personnel, both Colombian and ICA-Nebraska mission. However,
under the leadership of Dr. Flowerday a five-year plan of proposed
research projects for the areas of Extension Education, Rural Sociology, and Mass Communications was developed by the Social
Science Department.
1.3.1 General objectives
1. Extension Education Research projects carried out in
Extension Education are to begin with a modest research




70
program, testing hypotheses, and relating all research
to Colombian extension needs.
2. Mass Communications To evaluate the past work of ICA
in the area of communications in an effort to provide
guidance for more effective use and efficiency in
communications for the future.
3. Rural Sociology To carry out coordinated research in
the field of Rural Sociology as related to Colombian
extension needs.
1.3.2 Specific Projects
a. Completed during the year
1. Extension Education
a. Evaluation of a field day conducted for poultry producers.
b. Evaluation of a short course held for professors of four technical institutes. c. Evaluation of short courses held for beef producers in Ibagu6 and Monteria. d. Evaluation of field days held in Medellin and Suesca.
-e. Evaluation of a short course concerning supervised credit for INCORA.
2. Mass Communications
a. Analysis of the content of all ICA publications in connection with the plans of the Ministry of Agriculture.
b. Comprehension analysis of educational movies presented by ICA at the farmer level.
3. Rural Sociology
a. Socio-Economic study of the farm clientele of ICA in regions 4 and 5. b. To be continued in 1970
1. Extension Education
a. Survey of Extension Education Curriculum in Colombian Universities.




71
Dr. Whittenbarger advises Miriam Herndndez on the Socio-Economics Study.
b. Survey of Extension Education courses offered by Colombian agricultural agencies
2. Mass Communications
a. Text comprehension of ICA publications for extension agents and farmers. b. Analysis of comprehension of the illustrations of ICA publications for extension agents and farmers. c. Communications channels used by ICA consultants to obtain agricultural information.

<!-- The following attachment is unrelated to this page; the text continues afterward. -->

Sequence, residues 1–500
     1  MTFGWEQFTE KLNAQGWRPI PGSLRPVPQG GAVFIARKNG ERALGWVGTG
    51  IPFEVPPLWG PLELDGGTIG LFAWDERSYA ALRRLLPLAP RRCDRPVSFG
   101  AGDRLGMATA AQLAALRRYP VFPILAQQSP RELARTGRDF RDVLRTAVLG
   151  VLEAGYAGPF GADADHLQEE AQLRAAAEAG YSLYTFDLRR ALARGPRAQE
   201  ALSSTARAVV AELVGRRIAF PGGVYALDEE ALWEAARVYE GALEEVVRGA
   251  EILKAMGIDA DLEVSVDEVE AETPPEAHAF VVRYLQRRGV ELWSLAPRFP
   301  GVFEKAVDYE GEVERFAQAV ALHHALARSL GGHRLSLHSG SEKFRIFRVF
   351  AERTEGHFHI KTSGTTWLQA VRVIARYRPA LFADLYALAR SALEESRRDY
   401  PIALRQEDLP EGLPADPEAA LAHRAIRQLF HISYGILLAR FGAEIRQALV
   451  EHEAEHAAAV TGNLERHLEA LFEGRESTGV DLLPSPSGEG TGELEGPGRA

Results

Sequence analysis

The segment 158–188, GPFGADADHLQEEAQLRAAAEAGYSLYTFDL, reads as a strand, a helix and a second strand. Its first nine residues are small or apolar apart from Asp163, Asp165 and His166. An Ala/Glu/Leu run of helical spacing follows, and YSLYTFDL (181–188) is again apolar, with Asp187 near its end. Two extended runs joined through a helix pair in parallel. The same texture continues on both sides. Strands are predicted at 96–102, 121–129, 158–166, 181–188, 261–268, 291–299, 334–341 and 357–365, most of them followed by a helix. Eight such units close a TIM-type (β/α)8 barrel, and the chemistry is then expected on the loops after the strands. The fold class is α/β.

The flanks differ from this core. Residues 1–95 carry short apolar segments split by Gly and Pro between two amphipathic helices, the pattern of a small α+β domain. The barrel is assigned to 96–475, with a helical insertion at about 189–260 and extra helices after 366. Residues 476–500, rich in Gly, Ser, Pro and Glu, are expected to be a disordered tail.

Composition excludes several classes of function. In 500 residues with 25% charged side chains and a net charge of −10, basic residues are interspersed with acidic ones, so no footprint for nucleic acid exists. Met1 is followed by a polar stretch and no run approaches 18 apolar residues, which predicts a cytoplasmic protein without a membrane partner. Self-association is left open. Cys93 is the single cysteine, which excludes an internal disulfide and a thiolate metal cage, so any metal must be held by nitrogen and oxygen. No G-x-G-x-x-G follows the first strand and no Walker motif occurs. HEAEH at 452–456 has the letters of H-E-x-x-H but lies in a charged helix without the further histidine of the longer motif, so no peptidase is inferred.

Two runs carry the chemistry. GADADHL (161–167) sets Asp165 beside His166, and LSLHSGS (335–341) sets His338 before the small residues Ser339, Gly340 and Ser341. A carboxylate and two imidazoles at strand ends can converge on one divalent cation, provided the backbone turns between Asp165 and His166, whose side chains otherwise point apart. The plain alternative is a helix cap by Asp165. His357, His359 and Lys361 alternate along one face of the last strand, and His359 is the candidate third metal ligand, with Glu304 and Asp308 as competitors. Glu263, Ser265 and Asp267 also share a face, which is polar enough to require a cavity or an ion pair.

3. Rural Sociology
a. Evaluation of ICA field days. b. Study of Colombian rural groups. c. The diffusion of innovations among Colombian farmers.
d. Attitudes of farmers toward changing crops or other economic activities.




72
C. To be initiated in 1970
1. Extension Education
a. Evaluation of ICA Field Days and Short Courses. b. Survey of opinions and attitudes of ICA extension agents concerning relationships with other agricultural agencies.
c. Evaluation of the competency of field extension staff.
2. Mass Communications
a. Communications channels used by ICA clientele to obtain agricultural information. b. Communications channels used by rural leaders to obtain agricultural information. c. Problems which extension agents encounter in the transmission of agricultural information to ICA clientele.
d. Special language used by farmers and battle producers to communicate social and agricultural events. e. Effectiveness of communications media in influencing the adoption of agricultural practices.
3. Rural Sociology
a. The role of extension workers as change agents. b. The various types and functions of rural leadership' and the role it plays in rural development. c. Client participation methods in Extension. d. An exploratory study of potential ICA clientele.
1.4 Extension
1.4.1 General objectives
1. Extension Education The overall objective is to assist
the various field and research programs of ICA in organizing effective and viable extension program directed
toward agricultural professionals and their clientele.
Through in-service training programs and direct contact, with ICA field staff, to develop extension programs more
effectively related to the needs of Colombian farmers.




73
Dr. Tom Trail, Director of the Social Science Department, is working in the area of Extension Education until a permanent staff member can be secured for this position.